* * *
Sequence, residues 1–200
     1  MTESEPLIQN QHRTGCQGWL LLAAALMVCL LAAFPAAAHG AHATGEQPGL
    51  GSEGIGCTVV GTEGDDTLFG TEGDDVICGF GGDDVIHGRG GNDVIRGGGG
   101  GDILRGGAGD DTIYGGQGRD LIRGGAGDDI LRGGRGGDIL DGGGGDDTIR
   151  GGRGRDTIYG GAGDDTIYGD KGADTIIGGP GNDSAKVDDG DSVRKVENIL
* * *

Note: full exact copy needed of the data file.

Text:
Sequence, residues 1–200
     1  MTESEPLIQN QHRTGCQGWL LLAAALMVCL LAAFPAAAHG AHATGEQPGL
    51  GSEGIGCTVV GTEGDDTLFG TEGDDVICGF GGDDVIHGRG GNDVIRGGGG
   101  GDILRGGAGD DTIYGGQGRD LIRGGAGDDI LRGGRGGDIL DGGGGDDTIR
   151  GGRGRDTIYG GAGDDTIYGD KGADTIIGGP GNDSAKVDDG DSVRKVENIL